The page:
The Eco Period BoxEthical Health & Beauty News & Features
Ella Daish is a postal worker who started the campaign to ‘Make all Menstrual Products Plastic Free’ in February this year, and was shortlisted for a 2018 P.E.A. Award. There has been an overwhelming response to the campaign; the petition has been signed by over 106,000 people – and it’s still going strong.
Since Ella began campaigning for change, she has become aware of just how many problems surround menstruation. These issues range from the taboo of talking about periods to the environmental impacts of plastic in our period care and period poverty.
Period poverty wrongly affects many people; according to Plan UK, 1 in 10 girls between the ages of 14 and 21 cannot afford menstrual products and a shocking 137,000 have missed school as a result.
Period poverty doesn’t just affect those at school, it also has an impact on those who are homeless, refugees and those who simply can’t afford menstrual products. It saddened Ella that in 2018 there are so many individuals out there who do not have access to these essentials, so she decided to take action.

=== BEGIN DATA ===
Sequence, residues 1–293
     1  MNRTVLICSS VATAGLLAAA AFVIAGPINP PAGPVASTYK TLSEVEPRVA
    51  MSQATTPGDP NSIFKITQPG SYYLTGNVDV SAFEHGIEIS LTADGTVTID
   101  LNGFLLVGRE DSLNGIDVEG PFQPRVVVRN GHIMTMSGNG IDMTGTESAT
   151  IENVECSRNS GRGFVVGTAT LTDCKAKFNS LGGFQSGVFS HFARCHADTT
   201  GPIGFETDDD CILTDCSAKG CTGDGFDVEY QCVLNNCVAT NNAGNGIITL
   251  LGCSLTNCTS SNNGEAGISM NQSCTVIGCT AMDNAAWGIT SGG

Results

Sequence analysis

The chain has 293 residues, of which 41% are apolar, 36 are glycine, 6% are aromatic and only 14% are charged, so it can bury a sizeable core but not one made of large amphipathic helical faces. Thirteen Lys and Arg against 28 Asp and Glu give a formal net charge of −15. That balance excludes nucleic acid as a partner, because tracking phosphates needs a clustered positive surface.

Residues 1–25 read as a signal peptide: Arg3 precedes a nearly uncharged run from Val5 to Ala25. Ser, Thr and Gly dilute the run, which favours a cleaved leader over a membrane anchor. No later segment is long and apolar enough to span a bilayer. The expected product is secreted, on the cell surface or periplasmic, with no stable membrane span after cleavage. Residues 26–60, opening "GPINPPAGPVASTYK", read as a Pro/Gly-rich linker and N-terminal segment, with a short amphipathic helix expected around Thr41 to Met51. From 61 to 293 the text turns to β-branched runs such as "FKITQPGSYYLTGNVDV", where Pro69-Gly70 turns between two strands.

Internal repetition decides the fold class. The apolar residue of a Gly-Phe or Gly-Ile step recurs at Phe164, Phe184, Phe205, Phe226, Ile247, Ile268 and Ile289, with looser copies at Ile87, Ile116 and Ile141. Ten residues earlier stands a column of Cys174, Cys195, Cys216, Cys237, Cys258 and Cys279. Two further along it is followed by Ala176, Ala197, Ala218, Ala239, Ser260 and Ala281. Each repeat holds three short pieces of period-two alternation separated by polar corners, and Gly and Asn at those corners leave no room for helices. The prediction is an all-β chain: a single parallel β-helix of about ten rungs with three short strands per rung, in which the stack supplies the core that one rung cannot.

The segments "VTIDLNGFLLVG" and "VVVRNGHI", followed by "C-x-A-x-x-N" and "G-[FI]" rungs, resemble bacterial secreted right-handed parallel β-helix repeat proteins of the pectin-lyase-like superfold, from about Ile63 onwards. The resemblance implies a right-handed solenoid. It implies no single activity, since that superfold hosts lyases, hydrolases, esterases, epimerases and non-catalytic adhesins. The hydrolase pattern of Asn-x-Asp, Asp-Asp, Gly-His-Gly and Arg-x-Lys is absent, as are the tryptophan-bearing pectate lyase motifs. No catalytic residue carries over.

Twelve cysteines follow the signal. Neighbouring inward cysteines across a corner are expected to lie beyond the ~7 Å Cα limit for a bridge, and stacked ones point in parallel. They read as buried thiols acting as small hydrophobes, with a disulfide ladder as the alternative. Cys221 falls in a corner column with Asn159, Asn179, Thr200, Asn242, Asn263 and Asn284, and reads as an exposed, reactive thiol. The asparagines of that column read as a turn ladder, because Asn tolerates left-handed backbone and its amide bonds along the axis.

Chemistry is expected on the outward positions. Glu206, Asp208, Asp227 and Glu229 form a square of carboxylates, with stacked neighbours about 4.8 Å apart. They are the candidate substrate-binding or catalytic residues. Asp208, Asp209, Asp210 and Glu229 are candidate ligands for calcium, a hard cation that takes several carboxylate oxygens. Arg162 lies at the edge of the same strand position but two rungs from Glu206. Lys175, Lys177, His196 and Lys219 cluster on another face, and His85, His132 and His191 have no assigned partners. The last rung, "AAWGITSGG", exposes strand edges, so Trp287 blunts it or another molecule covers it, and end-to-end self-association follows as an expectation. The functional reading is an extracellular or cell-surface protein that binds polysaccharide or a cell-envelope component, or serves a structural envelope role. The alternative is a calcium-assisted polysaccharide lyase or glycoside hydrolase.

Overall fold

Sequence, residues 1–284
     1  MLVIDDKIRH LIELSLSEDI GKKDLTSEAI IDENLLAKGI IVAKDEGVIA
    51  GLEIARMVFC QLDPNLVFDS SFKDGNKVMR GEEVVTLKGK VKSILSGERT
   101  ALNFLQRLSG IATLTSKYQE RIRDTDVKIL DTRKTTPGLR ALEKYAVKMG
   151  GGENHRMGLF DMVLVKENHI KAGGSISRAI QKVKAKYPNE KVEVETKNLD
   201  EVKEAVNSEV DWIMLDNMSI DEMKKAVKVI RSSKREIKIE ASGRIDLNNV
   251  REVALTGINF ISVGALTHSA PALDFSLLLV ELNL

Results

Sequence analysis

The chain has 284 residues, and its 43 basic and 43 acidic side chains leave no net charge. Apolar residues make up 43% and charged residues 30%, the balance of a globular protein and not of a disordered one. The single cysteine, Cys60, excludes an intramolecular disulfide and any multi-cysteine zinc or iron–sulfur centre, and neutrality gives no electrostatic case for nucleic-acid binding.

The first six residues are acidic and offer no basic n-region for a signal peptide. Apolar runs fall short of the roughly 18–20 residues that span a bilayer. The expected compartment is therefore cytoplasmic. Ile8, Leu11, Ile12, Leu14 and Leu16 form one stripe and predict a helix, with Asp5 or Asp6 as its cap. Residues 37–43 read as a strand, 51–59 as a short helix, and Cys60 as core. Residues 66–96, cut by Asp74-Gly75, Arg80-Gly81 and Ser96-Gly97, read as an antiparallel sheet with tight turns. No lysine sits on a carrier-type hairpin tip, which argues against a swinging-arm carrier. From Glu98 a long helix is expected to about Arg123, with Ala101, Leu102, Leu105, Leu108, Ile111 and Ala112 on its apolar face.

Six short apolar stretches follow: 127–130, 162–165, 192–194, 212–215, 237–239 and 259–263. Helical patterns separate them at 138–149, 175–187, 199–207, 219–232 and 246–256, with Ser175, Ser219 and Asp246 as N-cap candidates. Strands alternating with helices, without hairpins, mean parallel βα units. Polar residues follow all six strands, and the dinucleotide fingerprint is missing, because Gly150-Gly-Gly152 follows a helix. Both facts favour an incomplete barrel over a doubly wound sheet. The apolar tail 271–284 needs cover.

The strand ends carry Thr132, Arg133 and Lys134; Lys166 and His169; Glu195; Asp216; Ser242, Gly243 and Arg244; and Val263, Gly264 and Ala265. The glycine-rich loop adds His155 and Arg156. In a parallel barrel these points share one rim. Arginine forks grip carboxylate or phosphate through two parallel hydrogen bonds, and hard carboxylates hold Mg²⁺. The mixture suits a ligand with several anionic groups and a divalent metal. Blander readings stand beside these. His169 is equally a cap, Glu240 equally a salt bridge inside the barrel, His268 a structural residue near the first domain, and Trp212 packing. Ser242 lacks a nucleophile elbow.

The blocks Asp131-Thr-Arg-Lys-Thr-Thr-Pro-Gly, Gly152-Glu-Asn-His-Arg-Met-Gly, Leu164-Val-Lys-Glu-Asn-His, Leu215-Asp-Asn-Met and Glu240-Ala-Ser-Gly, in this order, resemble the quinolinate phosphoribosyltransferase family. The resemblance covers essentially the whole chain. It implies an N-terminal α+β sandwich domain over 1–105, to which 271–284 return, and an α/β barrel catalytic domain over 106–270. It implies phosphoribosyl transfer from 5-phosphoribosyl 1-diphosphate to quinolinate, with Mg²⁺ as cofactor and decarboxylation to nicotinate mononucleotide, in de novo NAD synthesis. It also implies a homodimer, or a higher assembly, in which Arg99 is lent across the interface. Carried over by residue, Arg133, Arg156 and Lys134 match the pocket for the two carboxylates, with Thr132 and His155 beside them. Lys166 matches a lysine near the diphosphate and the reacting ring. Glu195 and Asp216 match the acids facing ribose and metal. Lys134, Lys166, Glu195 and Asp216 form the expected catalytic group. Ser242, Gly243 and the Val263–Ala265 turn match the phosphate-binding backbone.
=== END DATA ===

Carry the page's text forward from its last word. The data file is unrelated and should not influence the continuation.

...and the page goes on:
After seeing reverse advent calendars last year in the aid of food banks, Ella felt compelled to create something similar for period poverty! That is why this year, rather than giving gifts to family and friends for Christmas, throughout December Ella will put an eco-friendly item into her Eco Period Box. The products will then be donated to a period poverty charity at the start of the New Year.
Eco Period Box
Ella would love as many people as possible to support Eco Period Action for Good this December by joining in and taking positive action, so that we can help those in need and make a difference.
You can join in by donating an item, setting up a box at work or at home, encouraging others to get involved and by sharing what you are doing on social media using the hashtag #ecoperiodbox.
Eco Period Box starts on 01 December and ends on 31 December. You can get eco-period products from local health food shops, supermarkets and, if your time is limited, then there are multiple online stores that you can buy from. You can get your order sent directly to your chosen charity by using their address in the delivery details.
You can donate to period poverty charities like the Red Box Project, Bloody Good Period, Freedom 4 Girls and local food banks such as the Trussell Trust.